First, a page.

‘Divursufricashun’ And The Great Gold-For-Bitcoin Trade

This was a week to forget for market participants. It could be seen, in hindsight, as the beginning of something.

What that “something” is I’m not sure, which makes this assessment inherently useless as an investment thesis.

But what I do know is that if you’re a retail investor who likes to think of yourself as “divursufried,” you came into Friday with your SPY lower for the week, your TLT lower for the week, and your GLD lower for the week.

Where does that leave you?

It leaves you sitting in the exam room staring at the family doctor, who is, in turn, staring down at your recent blood panels with a slightly furrowed brow. “Mr. Johnson, there’s nothing to worry about right now, but your SPY count has fallen a tad, your TLT is down quite a bit since your last checkup, and so is your GLD.”

“How’s my cholesterol?” “Oh, that’s fine. No worries there.”

Spot gold is sitting near a seven-month low. Apparently, the debasement theme has either run out of “oomph” as a driver or else investors are simply looking elsewhere in search of something that offers inflation protection not because it’s a stable “store of value” but because it’s tethered to the reflation narrative itself and is thus prone to rising in tandem.

In short, markets seem to think that so far, this is the “wrong” kind of inflation for gold bulls. “Reflation” is a narrative about an assumed acceleration in economic activity. Inflation is just… well, it’s just inflation, and it plays into the fiat currency debasement thesis. The latter is good for gold. The former, not so much. Better growth outcomes could be dollar positive, deficits be damned, especially if yield differentials end up moving in favor of the greenback.

Gold rose with breakevens amid the rebound off last March’s panic, while reals were pushed inexorably (and mechanically) lower.

In a Thursday evening letter, professional trader Kevin Muir noted that gold has become detached from real rates. “I didn’t realize it back last summer, but gold’s relationship to real rates was about to break,” he wrote, adding that “it’s easy to see the obvious linear relationship over the past couple of years, but there are a whole slew of observations in the green circle that seem out of place.” He was referring to the regression shown below.

Macro Tourist, BBG

More recently, reals have stopped falling. In fact, they’re rising. Albeit from deeply negative levels. The opportunity cost of holding an inert piece of metal is becoming less negative.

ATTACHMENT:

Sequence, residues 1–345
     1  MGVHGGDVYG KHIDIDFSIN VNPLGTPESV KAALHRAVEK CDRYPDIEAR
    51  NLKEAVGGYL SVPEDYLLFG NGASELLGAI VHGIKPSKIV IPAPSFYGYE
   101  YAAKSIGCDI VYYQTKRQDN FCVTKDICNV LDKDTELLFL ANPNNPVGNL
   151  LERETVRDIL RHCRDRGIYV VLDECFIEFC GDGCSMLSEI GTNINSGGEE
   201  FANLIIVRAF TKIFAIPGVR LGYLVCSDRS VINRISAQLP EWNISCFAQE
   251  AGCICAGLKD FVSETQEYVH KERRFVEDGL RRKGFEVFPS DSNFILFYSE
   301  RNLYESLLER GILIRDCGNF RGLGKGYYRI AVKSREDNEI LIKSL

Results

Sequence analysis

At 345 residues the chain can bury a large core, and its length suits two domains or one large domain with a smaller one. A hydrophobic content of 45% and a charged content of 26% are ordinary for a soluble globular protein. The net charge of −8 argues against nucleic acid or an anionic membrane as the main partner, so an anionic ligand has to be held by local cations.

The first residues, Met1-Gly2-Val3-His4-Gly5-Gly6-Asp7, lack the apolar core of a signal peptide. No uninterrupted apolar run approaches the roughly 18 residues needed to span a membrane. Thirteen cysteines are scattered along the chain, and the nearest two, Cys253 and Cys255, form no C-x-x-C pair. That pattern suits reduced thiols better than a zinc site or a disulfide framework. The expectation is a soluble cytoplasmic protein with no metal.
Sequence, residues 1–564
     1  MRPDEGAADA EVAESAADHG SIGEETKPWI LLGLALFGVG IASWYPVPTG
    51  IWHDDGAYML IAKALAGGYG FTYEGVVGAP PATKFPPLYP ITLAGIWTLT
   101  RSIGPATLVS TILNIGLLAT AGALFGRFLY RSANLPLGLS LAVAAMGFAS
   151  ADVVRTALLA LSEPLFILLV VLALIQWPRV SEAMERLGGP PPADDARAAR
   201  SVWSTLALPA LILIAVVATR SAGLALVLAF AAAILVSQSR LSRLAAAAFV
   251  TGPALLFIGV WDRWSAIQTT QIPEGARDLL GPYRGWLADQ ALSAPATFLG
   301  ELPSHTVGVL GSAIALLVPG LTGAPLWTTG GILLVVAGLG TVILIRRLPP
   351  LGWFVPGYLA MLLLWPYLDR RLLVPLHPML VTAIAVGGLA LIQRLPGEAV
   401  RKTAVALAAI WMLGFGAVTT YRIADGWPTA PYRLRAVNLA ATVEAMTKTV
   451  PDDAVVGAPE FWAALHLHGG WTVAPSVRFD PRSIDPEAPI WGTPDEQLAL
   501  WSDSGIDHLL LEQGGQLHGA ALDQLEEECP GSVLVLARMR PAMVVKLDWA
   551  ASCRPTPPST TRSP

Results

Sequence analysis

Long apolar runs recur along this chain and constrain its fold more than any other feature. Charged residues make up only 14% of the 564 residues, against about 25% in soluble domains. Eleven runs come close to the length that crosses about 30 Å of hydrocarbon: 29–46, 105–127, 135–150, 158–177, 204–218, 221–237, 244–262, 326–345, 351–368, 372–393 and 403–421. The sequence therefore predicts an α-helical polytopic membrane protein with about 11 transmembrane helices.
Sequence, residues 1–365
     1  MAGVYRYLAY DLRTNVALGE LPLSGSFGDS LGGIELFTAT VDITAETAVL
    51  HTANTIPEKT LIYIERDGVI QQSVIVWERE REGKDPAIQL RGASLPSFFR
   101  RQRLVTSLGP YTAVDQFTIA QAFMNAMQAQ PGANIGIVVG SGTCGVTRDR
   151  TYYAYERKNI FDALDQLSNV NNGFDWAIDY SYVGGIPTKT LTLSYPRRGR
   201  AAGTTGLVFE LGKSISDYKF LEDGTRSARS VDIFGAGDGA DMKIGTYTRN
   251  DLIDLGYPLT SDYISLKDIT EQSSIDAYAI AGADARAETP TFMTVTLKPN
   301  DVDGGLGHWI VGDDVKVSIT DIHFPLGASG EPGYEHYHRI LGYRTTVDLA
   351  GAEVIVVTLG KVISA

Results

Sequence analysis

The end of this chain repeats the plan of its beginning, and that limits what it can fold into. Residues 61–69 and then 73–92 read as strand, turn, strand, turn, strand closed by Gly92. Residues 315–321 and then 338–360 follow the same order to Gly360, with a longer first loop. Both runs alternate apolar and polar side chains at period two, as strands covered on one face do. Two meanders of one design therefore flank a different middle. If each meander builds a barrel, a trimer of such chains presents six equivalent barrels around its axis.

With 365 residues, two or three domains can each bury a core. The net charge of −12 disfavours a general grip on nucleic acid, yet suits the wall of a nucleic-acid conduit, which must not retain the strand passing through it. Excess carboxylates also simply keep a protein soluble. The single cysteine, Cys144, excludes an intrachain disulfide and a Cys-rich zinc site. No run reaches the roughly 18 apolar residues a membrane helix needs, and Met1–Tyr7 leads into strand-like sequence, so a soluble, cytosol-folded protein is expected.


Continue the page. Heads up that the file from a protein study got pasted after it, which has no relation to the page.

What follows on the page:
In his Thursday evening letter, Kevin attributed gold’s stumbles mostly to Bitcoin. He cited Raoul Pal, who, when I prompted him last year on social media, suggested the best place for a brand new investor to allocate her first $10,000 would undoubtedly be Bitcoin. By his own account, he (Raoul Pal) invested some 98% of his liquid net worth in Bitcoin (rotating from gold) last November. Or at least according to a tweet that Kevin used in his letter (I follow fewer than 80 accounts on social media, and Raoul Pal most assuredly isn’t one of them).

“All I can say is, ‘hats off to you, Raoul,'” Kevin said, generously, noting that his gold-for-Bitcoin exchange was “a great trade.”

And that’s fine. Just like convertible bond offerings aimed at helping turn your business into a giant crypto vault are fine. Until they aren’t. This may be a “great trade,” but it’s a ludicrous investment, by any rational interpretation.

In any case, Kevin’s point was that people are exchanging gold for Bitcoin. That, he reckons, is part of what’s behind gold’s underperformance and, indirectly, the breakdown between gold and real rates. As he put it, “gold is struggling because cryptos have sucked all the oxygen out of Fort Knox.”

Well, count me a buyer of gold on this “dip,” although I’m not sure I’d call it a “dip.” Even if it keeps falling, I’d be content with adding to my (forever modest) allocation if the reason for its struggles is, in fact, a crypto mania.

I’m not as generous as Kevin when it comes to assessing what I think are bad ideas foisted on the investing public, so I’ll just put this out there: Only a Looney Tune would equate the asset represented by the dark orange line (above) with Flubber (i.e., Bitcoin) represented by the dark blue line.

This isn’t an “it won’t end well” prediction. It may end fine for Raoul Pal (and any RealVision subscribers who followed him into this trade). Assuming he did, in fact, put it on as advertised, he’s clearly much richer because of it.

As detailed extensively in the linked article above (documenting MicroStrategy’s aggressive push into Bitcoin) bad and/or potentially dangerous ideas involving schemes to make large sums of money can go extremely well in the near-term. And often in the medium-term too. I’d wager I understand more about “risk management” (from a holistic, and often acute perspective) than most “traditional” investors, traders, and fund managers will ever be able to fathom.